The Behavioral Health Pavilion will glow at dusk, with its public spaces partially veiled by the south-facing solar scrim. Renderings by Cannon Design.
The Behavioral Health Pavilion's double-height lobby will be an internal extension of the outdoor forecourt, with a direct connection to the sky-garden on the second floor.
The new Pima County Behavioral Health Pavilion and Crisis Response Center in Tucson, Arizona, is destined to change the practice of behavioral healthcare. The concept was to create an integrated facility to serve multiple facets of behavioral medicine and fulfill the master plan's vision for a holistic healing campus. The project, scheduled to break ground in August, will provide critical relief to the county's overcrowded emergency and inpatient psychiatric beds and juvenile and adult detention centers by providing multiple treatment options for individuals needing mental healthcare.
A full continuum of behavioral healthcare services will be available through acute and sub-acute inpatient care, outpatient clinics, and crisis assessment and stabilization for both youths and adults. A staffed call center, as well as specialized entry points for law enforcement, paramedics, and other first responders, will expedite patient admissions to appropriate areas for treatment. A courtroom will serve patients entering hospitalization through the legal system.
Integrated into the existing University Physicians Hospital Kino Campus, the facility will be composed of two functionally distinct buildings, the Crisis Response Center (CRC) and Behavioral Health Pavilion, that will operate in unison to respond to the broadest range of patient needs. The buildings will be organized around a shared service exterior courtyard that will provide secure circulation for medical staff, law enforcement officers, courtroom personnel, and patient and material transfers.
Internally, each building is organized into layered zones of patient and support spaces clustered around accessible outdoor courtyards and oriented along an east/west axis for optimal solar orientation. Dedicated user circulation systems mitigate conflicting traffic flows of patients, staff, and visitors.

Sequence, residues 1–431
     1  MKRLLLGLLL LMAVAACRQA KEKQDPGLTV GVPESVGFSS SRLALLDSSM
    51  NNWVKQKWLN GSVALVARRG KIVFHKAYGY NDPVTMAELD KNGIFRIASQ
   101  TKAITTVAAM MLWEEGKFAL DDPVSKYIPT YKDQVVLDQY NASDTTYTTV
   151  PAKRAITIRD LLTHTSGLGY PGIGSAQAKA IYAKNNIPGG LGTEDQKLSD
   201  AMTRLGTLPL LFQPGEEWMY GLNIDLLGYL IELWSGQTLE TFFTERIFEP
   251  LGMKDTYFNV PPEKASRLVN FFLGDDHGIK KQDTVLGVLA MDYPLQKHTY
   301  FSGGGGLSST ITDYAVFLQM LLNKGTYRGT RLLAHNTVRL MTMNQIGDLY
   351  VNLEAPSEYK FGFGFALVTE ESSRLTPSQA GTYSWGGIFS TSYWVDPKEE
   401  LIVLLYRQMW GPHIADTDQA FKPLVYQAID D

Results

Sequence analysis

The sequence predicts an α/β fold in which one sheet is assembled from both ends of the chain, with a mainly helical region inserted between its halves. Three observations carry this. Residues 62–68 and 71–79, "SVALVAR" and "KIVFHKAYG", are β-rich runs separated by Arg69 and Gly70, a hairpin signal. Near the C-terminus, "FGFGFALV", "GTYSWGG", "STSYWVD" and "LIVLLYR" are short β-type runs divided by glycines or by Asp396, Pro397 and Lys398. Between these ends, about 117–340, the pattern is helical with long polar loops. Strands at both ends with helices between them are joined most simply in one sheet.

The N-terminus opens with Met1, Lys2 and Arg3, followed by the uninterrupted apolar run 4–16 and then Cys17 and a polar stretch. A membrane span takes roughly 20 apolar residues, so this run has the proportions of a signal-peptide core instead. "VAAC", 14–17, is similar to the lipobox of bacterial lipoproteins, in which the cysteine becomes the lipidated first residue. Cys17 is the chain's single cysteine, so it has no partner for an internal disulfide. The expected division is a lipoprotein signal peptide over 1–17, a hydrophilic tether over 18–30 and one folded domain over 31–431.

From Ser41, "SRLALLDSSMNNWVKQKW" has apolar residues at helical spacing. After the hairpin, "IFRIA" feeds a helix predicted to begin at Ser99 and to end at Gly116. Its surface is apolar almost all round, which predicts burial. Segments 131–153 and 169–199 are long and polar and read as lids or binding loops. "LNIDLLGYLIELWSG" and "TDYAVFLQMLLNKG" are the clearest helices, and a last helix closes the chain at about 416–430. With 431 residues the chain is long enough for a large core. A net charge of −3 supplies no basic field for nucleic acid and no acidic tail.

The sky-garden on the second and third floors of the Behavioral Health Pavilion will provide an outdoor shaded retreat for both visitors and staff. A normalized patient environment will be achieved through regional design references in both interior and exterior spaces. The buildings will share a distinct architectural vocabulary that relates to the often harsh-but equally inspiring-Southern Arizona landscape. Interior finishes in each patient unit and treatment area will have distinct themes, drawing inspiration from the desert Southwest to create a sense of community and identity. Rich earth-toned concrete block combined with warm metallic panels and screens will create a palette sympathetic to the existing campus and its environment while being sensitive to cost, durability, and performance. The buildings will be articulated to minimize heat gain and maximize views and access to the outdoors.
Carl Hampson, AIA, LEED AP
The CRC will provide assessment, stabilization, and treatment to patients who do not require emergency or acute psychiatric care. This will fill a gap in coverage for patients who are often unnecessarily admitted to emergency departments or detention centers. As an outpatient entry, the CRC will support provider networks and law enforcement agencies with patients in crisis situations. For adults needing care beyond 23 hours, a 15-bed sub-acute inpatient unit will be available in the CRC building, a two-story structure that will be organized around a central courtyard to provide an internal oasis for visitors and staff as well as a spatial buffer between the adult and youth services.
The CRC concept was developed in collaboration with Community Partnership of Southern Arizona (CPSA), a regional behavioral health authority. According to Judy Johnson, CPSA deputy director and COO, “[T]he new facilities will help streamline the delivery of care for individuals in a behavioral health crisis by improving available treatment alternatives, quality of service, and coordination of care.”